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Regarding my previous post about the Personhood Amendment, some people would say that I’m blowing the consequences of it way out of proprtion. They say women won’t be prosecuted for having miscarriages. Then why is there legislation in Georgia pending that would require women to prove that their miscarriages happened naturally? Or why did Utah try to pass a law that would charge women with homicide if they miscarry? So. Women who suffer miscarriages are guilty before proven innocent. This is a complete reversal of a fundamental principle of our justice system: that people are innocent before proven guilty.
Here are the cases I’ve found where a woman has been charged with having a miscarriage or attempting to cause one, and this is just the tip of the ice berg. In South Carolina alone, an estimated 300 women have been arrested for actions taken during pregnancy. Still think this is not happening?
Christine Taylor of Iowa found herself arrested and sent to jail after she fell down the stairs while pregnant.
South Carolina’s Regina McKnight was sentenced to 20 years for having a stillbirth.
Rennie Gibbs of Mississippi age 15 faces life in jail after a miscarriage,
Bei Bei Shuai of Indiana has been charged with foeticide and sits in jail without parole, and Amanda Kimborough of Alabama, mother of 3, faces 10 years behind bars if convicted of causing her miscarriage…and her three children risk losing their mother.
And for those saying Shuai deserves it because she tried to kill herself, may be you should read her story before being so damn judgmental.
Related: Lynn Paltrow, heroine of our movement! Defender of the rights of women who have been charged with having miscarriages. It’s sad though that there are enough cases that a lawyer specializes in it!
Other prosecutors are twisting laws designed to protect pregnant women and their unborn children into attacks on childbearers themselves. At least 38 states have introduced fetal homicide laws that were intended to be used against violent attacks by third parties like abusive male partners. But in South Carolina, only one case has been brought against a man for assaulting a pregnant woman, while up to 300 women have been arrested under the law, according to the National Advocates for Pregnant Women.
originally posted by: zazzafrazz
a reply to: dawnstar
Defunding planned parenthood is the ultimate example of government overreach.
Those fat old conservative men have no business with my body or womb or any of the health issues that Planned parent hood assists women with.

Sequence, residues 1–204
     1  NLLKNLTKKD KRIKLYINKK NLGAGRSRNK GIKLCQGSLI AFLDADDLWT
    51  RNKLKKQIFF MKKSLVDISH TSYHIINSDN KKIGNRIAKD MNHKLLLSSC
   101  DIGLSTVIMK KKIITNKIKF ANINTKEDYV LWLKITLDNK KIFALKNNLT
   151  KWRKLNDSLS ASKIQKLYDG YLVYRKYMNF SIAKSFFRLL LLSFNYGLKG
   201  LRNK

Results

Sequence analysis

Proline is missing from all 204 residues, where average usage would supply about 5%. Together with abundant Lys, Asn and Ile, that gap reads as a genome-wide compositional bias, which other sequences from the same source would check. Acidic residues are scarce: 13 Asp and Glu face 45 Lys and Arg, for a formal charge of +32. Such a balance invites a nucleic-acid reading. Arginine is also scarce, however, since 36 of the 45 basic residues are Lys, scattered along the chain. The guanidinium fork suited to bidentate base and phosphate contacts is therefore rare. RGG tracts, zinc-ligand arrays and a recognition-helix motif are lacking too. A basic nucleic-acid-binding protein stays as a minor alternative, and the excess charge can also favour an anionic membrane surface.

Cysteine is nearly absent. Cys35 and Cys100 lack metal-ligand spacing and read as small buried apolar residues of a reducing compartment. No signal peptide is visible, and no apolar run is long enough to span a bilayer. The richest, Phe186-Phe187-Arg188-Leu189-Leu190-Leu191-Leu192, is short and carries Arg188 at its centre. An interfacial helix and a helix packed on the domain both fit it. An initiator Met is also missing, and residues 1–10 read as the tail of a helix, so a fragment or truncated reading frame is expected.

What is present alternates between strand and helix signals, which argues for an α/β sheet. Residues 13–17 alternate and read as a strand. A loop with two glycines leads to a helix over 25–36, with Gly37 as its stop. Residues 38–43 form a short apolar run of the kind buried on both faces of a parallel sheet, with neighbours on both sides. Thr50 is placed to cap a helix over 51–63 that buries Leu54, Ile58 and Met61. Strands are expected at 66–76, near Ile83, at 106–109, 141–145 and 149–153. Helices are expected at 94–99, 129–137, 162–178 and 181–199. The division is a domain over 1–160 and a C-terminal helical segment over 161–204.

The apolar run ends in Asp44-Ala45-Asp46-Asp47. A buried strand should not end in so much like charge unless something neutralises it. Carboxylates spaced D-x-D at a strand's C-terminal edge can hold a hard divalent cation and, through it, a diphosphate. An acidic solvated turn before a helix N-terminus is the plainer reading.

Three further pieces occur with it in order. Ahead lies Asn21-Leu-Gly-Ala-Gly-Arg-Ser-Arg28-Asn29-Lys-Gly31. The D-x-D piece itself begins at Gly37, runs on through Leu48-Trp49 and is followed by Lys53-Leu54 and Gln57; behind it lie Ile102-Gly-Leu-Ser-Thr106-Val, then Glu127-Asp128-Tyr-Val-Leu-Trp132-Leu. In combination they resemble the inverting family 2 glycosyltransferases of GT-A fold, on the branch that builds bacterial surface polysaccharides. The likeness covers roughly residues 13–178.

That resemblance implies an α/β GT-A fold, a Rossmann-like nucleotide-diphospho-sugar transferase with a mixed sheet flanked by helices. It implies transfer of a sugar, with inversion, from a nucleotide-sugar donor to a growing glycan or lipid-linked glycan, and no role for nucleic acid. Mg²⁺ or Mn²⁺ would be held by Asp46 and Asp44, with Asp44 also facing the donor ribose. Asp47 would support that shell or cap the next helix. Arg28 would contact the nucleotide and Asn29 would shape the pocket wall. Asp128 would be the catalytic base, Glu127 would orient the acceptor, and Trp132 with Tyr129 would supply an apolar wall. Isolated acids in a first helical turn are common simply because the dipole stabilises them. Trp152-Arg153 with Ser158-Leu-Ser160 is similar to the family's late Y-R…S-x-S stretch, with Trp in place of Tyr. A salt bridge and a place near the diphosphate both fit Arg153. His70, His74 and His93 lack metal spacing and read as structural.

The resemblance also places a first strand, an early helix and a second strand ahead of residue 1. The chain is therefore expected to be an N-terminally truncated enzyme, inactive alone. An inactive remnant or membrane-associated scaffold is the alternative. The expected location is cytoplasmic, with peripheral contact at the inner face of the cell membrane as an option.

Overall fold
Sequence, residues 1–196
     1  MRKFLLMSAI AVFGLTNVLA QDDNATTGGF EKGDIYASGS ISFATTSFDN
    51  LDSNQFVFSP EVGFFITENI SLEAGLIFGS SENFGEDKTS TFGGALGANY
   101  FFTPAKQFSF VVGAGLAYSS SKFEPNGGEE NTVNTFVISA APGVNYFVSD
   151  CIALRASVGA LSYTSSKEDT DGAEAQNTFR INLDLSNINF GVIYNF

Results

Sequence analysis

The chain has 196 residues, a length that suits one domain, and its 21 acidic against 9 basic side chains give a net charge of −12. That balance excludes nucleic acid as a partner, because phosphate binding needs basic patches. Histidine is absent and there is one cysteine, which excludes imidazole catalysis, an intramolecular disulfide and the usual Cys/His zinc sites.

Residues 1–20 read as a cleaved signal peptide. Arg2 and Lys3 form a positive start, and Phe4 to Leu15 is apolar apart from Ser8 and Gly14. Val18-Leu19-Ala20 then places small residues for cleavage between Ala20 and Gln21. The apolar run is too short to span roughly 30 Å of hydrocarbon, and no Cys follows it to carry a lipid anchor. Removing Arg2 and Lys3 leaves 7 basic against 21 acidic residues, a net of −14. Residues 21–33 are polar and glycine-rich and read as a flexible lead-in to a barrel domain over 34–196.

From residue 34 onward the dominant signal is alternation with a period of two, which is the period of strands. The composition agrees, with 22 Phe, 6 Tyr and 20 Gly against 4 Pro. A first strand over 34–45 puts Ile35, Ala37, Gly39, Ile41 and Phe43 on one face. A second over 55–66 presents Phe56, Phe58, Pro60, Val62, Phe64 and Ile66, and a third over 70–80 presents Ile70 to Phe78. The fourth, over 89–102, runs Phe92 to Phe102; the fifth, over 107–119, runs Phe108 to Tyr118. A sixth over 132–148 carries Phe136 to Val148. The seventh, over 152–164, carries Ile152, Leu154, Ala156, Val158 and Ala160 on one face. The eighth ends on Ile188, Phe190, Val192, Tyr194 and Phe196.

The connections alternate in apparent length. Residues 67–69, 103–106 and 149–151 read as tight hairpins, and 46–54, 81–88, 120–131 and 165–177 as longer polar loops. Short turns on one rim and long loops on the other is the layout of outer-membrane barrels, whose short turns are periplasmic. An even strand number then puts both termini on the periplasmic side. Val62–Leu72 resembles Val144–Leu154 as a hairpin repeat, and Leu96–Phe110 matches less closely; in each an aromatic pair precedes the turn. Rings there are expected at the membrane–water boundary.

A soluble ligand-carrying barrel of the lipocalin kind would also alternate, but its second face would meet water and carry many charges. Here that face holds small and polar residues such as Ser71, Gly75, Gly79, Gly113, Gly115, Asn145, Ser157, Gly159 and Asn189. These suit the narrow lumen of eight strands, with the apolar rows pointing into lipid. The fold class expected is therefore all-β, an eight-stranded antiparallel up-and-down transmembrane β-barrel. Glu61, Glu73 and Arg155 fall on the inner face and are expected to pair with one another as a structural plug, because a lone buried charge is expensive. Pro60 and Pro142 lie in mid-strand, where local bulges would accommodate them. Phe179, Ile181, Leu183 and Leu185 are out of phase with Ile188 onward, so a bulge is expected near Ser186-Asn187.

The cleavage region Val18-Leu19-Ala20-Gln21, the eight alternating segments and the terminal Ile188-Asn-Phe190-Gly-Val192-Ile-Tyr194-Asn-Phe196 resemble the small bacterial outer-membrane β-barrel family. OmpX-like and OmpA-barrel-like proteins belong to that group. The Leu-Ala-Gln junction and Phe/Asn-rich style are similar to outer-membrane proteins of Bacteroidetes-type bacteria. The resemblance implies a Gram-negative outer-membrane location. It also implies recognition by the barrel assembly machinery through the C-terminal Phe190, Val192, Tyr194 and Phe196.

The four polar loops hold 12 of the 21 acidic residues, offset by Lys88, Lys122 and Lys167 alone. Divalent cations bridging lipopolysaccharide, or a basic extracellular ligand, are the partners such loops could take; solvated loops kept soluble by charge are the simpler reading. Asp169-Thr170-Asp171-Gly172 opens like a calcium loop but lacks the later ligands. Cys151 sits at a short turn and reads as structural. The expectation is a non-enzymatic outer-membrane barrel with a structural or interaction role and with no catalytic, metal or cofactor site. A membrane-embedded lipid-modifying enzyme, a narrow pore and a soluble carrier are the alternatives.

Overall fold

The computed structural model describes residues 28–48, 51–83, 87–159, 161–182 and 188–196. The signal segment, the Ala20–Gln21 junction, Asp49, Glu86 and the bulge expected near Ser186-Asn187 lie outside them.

They need to stay away from me and other womens personal health.
The task seems straightforward: Make a list of health care providers that would fill the void if Louisiana succeeded in defunding Planned Parenthood. But the state, which is fighting a court battle to strip the group of hundreds of thousands of dollars in Medicaid funds, is struggling to figure out who would provide poor women with family planning care if not Planned Parenthood.
Nowhere is this struggle more apparent than in a recent declaration by Louisiana's attorneys that there are 2,000 family planning providers ready to accommodate new patients. A federal judge, reviewing the list in an early September court hearing, found hundreds of entries for specialists such as ophthalmologists; nursing homes caregivers; dentists; ear, nose, and throat doctors; and even cosmetic surgeons.
originally posted by: Dawgishly
a reply to: TechniXcality
It is "baby killing" but you are OK with it? That is one of the more interesting positions on this controversial issues I have encountered.
Has it occurred to anyone that experimentation with "fetal tissue" is the reason why abortion is legal?
It’s not entirely clear why the United States is lagging so far behind, but researchers agree it probably reflects a lack of access to health care and a high rate of unplanned pregnancies. Many women are dying from chronic health issues that are exacerbated by their pregnancies because they didn’t receive adequate care to manage their conditions beforehand. Other women lack the resources to prevent pregnancy if they’re not financially stable enough to have a child. And many expectant mothers struggle to get the prenatal care they need during their pregnancies.
This has an effect on children as well as mothers. The U.S. has the highest rate of first-day infant mortality of any country in the developed world. And the rate of death for children under the age of five is 7.1 per 1,000 live births — roughly on par with Bosnia and Herzegovina, Qatar, and Uruguay.